First, lenders with low overhead may offer borrowers advantageous rates compared to lenders with high overhead costs. This is one reason why borrowers are increasingly turning to online lenders instead of institutions that operate brick-and-mortar locations. Lenders will also take into consideration your creditworthiness, income, and loan amount to determine interest rates, while various loans offer different structures like fixed or variable interest rates, which impact your monthly payments as well. The lowest rates go to borrowers who have credit scores of 740 or higher and those with a score under 620 can expect the highest rates and fewer available options.
What factors influence the maximum loan amounts for home improvement loans?
When determining the maximum amount to give out for a home improvement loan, lenders generally use a formula that looks at the borrower’s finances, a home’s current value, and any equity that’s in a home.
How does the loan term affect the overall cost of the loan?
Longer loans are generally more expensive than shorter loans overall because you’re paying more accrued interest over the loan’s lifetime.
What are some common fees associated with home improvement loans?
The origination fee is one of the most common fees associated with applying for a loan. Once a loan is active, late fees, early repayment fees, and processing fees often apply.
What should you consider while choosing a loan provider?
Look closely at interest rates and fees because they determine how much you’ll pay for your loan. Additionally, consider a lender’s minimum and maximum loan amounts, professional reputation, approach to customer service, and convenience features for borrowers are other factors to consider to help identify the best home improvement loans out there.
Why RenoFi is the Best for Home Improvement Loans
RenoFi Loans stand out the ideal home improvement loans for many homeowners due to their unique and beneficial features:
Boosted Borrowing Power: RenoFi Loans calculate the loan amount based on the estimated post-renovation value of your home — not its current value. This approach can increase a homeowner’s borrowing power by more than 11 times on average, providing more funds for substantial improvements.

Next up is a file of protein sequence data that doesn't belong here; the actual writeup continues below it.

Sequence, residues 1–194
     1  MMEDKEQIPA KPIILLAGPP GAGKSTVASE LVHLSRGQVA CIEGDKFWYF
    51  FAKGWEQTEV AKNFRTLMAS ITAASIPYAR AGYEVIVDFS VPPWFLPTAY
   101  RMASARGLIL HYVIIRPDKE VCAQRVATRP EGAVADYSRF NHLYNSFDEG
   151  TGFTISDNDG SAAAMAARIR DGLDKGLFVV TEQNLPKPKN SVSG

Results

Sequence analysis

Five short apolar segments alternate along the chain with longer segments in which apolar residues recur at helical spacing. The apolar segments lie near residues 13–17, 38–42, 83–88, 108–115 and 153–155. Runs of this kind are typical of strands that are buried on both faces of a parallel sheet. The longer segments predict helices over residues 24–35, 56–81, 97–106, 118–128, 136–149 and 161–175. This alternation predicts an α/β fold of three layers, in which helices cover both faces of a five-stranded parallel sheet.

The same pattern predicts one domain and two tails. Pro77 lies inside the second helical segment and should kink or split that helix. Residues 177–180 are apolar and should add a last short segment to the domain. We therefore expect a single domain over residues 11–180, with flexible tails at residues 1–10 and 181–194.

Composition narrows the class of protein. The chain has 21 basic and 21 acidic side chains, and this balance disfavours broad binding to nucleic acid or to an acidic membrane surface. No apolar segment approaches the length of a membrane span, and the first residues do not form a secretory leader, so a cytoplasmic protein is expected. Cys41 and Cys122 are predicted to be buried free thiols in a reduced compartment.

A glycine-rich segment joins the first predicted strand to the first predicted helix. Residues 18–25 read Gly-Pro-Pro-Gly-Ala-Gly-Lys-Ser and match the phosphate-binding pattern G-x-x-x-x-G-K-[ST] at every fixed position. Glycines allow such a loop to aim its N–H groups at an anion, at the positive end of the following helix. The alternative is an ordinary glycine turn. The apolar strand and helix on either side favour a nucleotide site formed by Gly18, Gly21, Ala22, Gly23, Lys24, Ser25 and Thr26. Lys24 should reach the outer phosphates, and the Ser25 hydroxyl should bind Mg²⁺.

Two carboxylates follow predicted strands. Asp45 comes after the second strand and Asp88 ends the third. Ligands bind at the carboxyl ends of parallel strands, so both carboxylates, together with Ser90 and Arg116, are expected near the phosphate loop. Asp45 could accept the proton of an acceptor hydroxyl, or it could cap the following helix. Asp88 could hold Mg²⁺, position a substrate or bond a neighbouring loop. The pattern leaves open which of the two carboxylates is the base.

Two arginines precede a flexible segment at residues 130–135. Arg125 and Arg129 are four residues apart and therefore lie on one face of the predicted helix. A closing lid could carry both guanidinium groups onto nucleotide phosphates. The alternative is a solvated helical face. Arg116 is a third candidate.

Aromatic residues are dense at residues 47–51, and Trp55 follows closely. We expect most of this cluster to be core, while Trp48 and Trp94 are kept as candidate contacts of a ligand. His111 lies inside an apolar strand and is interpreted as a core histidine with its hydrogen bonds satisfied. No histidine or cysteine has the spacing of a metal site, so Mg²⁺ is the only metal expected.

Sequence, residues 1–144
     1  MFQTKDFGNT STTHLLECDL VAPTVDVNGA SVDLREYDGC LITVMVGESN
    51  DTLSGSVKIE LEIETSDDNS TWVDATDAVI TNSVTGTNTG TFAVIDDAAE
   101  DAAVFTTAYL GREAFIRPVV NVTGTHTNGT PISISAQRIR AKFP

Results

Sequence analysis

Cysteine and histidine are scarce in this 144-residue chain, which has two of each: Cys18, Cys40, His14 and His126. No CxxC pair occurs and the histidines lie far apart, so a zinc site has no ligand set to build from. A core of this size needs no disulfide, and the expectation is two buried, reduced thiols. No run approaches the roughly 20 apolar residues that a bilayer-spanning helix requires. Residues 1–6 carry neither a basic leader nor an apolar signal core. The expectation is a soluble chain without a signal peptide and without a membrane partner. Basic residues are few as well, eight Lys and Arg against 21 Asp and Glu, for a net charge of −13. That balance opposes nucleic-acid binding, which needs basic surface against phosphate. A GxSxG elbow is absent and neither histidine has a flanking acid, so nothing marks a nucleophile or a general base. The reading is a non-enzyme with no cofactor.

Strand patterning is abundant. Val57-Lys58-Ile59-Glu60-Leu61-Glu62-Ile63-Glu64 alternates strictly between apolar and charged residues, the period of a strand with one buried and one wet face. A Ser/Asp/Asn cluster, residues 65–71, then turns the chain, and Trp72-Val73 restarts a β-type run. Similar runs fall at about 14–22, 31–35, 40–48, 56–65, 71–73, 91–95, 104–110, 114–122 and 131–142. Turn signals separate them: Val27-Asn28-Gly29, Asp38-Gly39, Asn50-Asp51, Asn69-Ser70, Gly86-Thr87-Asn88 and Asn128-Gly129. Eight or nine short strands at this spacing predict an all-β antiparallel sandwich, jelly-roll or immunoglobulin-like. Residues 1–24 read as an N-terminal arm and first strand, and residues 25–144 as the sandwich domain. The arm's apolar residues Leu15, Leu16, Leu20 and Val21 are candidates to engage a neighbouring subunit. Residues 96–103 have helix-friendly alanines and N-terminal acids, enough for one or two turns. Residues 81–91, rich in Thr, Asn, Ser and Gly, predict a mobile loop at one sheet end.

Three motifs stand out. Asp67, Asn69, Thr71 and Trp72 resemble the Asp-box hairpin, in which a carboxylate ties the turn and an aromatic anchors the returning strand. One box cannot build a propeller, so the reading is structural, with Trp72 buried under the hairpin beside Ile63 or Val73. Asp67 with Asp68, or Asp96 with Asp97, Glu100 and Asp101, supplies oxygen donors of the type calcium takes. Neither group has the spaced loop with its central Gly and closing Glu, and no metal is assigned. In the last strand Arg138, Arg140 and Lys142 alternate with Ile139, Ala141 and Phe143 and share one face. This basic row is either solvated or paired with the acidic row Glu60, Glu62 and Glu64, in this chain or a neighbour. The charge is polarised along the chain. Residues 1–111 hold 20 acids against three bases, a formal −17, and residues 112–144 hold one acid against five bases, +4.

Lowest Rates: Once the renovation is complete, RenoFi Loans offer rates on par with traditional home equity loans, HELOCs, or cash-out refinances. These rates are typically lower than those of personal loans or credit cards, making RenoFi Loans a cost-effective solution for financing renovations.
Lower Fees: Compared to first mortgages, RenoFi Home Equity Loans come with significantly lower fees. RenoFi’s partnership with credit unions allows them to provide some of the lowest fees in the industry, further reducing the cost of your loan.
No Disbursement Schedule: Unlike many renovation loans, RenoFi Loans don’t require a complicated disbursement schedule for paying contractors. This feature simplifies the loan process and makes it easier for contractors to manage projects, eliminating the hassles associated with construction loans.
Suitable for Projects of All Sizes: Whether you’re finishing a basement or remodeling your entire home, RenoFi Home Equity Loans can accommodate a wide range of project sizes. With loan amounts ranging from $20,000 to $500,000 or more, these loans offer the flexibility to finance various types of renovations.
RenoFi Loans provide homeowners with enhanced borrowing power, competitive interest rates, lower fees, a streamlined disbursement process, and versatile project suitability, making them an excellent choice for financing home improvement projects.
RenoFi Loan Comparison Chart for New Homeowners
|How it Works
|Borrow against the future value of your home.
|Borrow against current equity.
|Home equity line of credit (HELOC)
|Borrow against current equity.
The most money and lowest monthly payment for your renovation
Borrow up to 90% of your future home value with a RenoFi Renovation Loan